two doorways with an elegant woman standing in one and a large tiger head in the other

The Lady, or the Tiger?

by Francis Richard Stockton

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Of what crime is the young man accused in "The Lady, or the Tiger?"

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As is often the case in fairy-tale-like stories, the crime of the young man is daring to fall in love with a princess, "the daughter of a king." The assumption is that, at this time long ago in this mythical kingdom, a strict class hierarchy is in place, and the young man, apparently without any title, such as lord or earl, is breaking the law and out of line in even looking at a princess in a way that might communicate love to her.

The fact that he is put on trial carries with it a presumption of possible innocence. In this case, however, each possible outcome works out in favor of the king and against the interests of the daughter. If the young man opens the door with the tiger behind it, he will be devoured. If he opens the door with the maiden behind it, he will marry someone other than the princess. For the king this is win-win, for the daughter lose-lose. The only one in a win-lose situation is the young man.

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Looking at the story carefully, we see that the "crime" that the young man was accused of was actually loving the daughter of the king. It was only the discovery of the relationship between the daughter of the king and the young man that brought about this accusation. For us, this "crime" seems rather unfair as it is not actually a crime, but the text is careful to tell us why this was regarded as a crime in this particular time:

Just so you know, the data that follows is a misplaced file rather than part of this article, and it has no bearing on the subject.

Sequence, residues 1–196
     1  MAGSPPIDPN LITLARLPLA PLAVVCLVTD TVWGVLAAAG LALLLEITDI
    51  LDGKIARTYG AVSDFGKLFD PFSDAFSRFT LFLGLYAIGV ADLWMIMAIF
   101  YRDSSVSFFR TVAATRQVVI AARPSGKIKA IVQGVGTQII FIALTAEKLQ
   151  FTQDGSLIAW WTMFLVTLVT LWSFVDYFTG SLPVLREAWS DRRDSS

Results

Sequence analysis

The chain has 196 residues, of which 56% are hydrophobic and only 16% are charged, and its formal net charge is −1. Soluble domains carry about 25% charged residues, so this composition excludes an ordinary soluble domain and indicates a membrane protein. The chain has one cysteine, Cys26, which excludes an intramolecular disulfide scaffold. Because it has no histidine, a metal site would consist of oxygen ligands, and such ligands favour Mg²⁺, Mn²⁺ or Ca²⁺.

Never before had such a case occurred; never before had a subject dared to love the daughter of a king. In after-years such things became commonplace enough; but then they were, in no slight degree, novel and startling.

Thus, from this quote, the precise nature of the crime that the young man is accused of is falling in love with somebody that was regarded as socially being his superior. We can see from the quote that "daring" to love the daughter of the ruler was an unheard of event, and was regarded as a crime because persumably the king was the one to decide who would marry his daughter.

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The young man was not accused of a specific crime. The king sentenced him to the ordeal in the arena because he was a lowly commoner who was having a torrid love affair with the king's daughter. The king was an autocratic ruler and could sentence anybody to the ordeal if he wanted to do so, and he was angered by the audacity of any commoner making love to his daughter.

Never before had such a case occurred; never before had a subject dared to love the daughter of the king. 

Since such a case had never occurred before, there was no written law about it on the books. The king arbitrarily made it a crime, as he was entitled to do.

He was a man of exuberant fancy, and, withal, of an authority so irresistible that, at his will, he turned his varied fancies into facts. 

There was no such thing as a defense attorney in those days or in that kingdom. The question of guilt or innocence would be decided by what happened in the arena. 

No matter how the affair turned out, the youth would be disposed of, and the king would take an aesthetic pleasure in watching the course of events, which would determine whether or not the young man had done wrong in allowing himself to love the princess.

The story was originally published in The Century in 1882, and to this day readers have continued to wonder what happened to the princess's handsome lover. His fate seems to have been determined by the princess herself. Was she more strongly motivated by love or by jealousy? The lover obviously trusted her implicitly--but was he in for a big surprise when he opened the door she indicated? 

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